“My friends are my estate,” said Emily Dickinson, the reclusive American poet. Many of us can appreciate the sentiment. When asked about writing a will, we shrug. “What have I got to leave anyone besides a little Subaru and a lot of student loan debt?”
The truth is that estate planning is just as essential for the rich as for the unrich because a properly drafted plan does more than simply divide up your worldly goods. It ensures that people you trust are in charge in case something should happen to you, and it protects any children you may have. Here’s how it works:
First, having a will puts the right person in charge of your estate to ensure that your final wishes are carried out. Dying without a will would mean leaving it to the courts to appoint your personal representative, also known as the executor.
A spouse or parent has first priority to take on this job, but in some cases, the responsibility may be given to an unscrupulous aunt or an estranged brother who doesn’t have your best interests at heart. Especially if your personal representative is someone who disapproved of your way of life as a member of the LGBT community, the outcome could be deeply regrettable.
Writing a will is also an opportunity to distribute items that may have more sentimental than monetary value. Making arrangements for your favorite nephew to receive your grandfather’s pocket watch, or for your former partner to have the print you bought together, can provide a great deal of personal satisfaction.
The truth is that estate planning is just as essential for the rich as the unrich because a properly drafted plan does more than simply divide up your worldly goods.
For those of us who are fortunate enough to have children, a will can name the guardians who will look after them until they reach adulthood. The ultimate decision as to who the guardians will be is up to the courts, but they will generally follow the wishes stated in a parent’s will—if there is one.
Many parents of young children have taken out life insurance policies so their children will be provided for in case the unexpected happens. In this case, the will can establish a trust for the children and appoint the trustees. The insurance policy’s death benefit would fund the trust, and the trustee would then manage these assets on the children’s behalf.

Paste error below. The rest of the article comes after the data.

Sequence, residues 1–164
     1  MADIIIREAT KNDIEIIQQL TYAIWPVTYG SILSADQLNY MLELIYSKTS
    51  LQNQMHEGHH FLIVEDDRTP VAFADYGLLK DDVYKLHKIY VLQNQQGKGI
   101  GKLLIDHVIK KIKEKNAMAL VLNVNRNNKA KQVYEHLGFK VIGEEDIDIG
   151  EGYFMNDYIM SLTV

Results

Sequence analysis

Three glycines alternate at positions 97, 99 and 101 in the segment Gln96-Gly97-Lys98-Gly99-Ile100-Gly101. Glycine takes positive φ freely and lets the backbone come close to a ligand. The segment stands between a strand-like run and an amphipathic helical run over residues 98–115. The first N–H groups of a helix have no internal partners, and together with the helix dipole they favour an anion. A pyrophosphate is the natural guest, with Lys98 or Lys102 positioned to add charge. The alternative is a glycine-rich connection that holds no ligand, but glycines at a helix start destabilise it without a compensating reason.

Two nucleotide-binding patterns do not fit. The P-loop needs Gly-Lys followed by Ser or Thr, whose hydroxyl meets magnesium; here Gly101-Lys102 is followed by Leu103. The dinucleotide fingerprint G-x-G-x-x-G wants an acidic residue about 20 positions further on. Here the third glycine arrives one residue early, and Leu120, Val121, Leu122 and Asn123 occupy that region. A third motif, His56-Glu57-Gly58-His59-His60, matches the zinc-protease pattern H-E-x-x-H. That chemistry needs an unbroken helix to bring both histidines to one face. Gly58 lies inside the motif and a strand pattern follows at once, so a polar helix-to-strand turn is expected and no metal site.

The trustee can usually make distributions in his discretion for the children’s health, education, and general support. At certain ages, the children could receive automatic distributions of principal—say, half at the age of 25 and the remainder at 30, when the trust would terminate. The parents in this case may not be rich, but their life insurance creates a financial legacy the will can effectively manage.
Whether you have children or not, your estate plan should include more than just a will itself. Other essential documents include a Durable Power of Attorney and an Advance Medical Directive.
The Power of Attorney enables you to name someone who will manage your finances in case you become unable to. The person you appoint, called your “attorney in fact,” can help you get through a period of incapacity by accessing your bank account to pay your bills, entering your safe deposit box to retrieve important papers, or even mortgaging or selling your house if the circumstances call for it.
An Advance Medical Directive is like a Power of Attorney but for medical matters. It allows you to designate a health care “agent” who will work with your doctors if you are under medical care and can’t speak for yourself.
These documents can be especially important for the young and healthy among us. Why? Because for someone in good health, a period of incapacity could last a very long time, making it essential to have the right person in charge of your health and finances.
In one of her most famous poems, Emily Dickinson said she could not stop for death. Even with modest assets, having a well-crafted estate plan will ensure that you are well prepared when it kindly stops for you.
Lee Carpenter is an Estates & Trusts attorney at Semmes, Bowen & Semmes and an Adjunct Professor at the University of Maryland Carey School of Law. This article is intended to provide general information about legal topics and should not be construed as legal advice. For qualified legal counsel contact Lee Carpenter at firstname.lastname@example.org or 410.576.4729.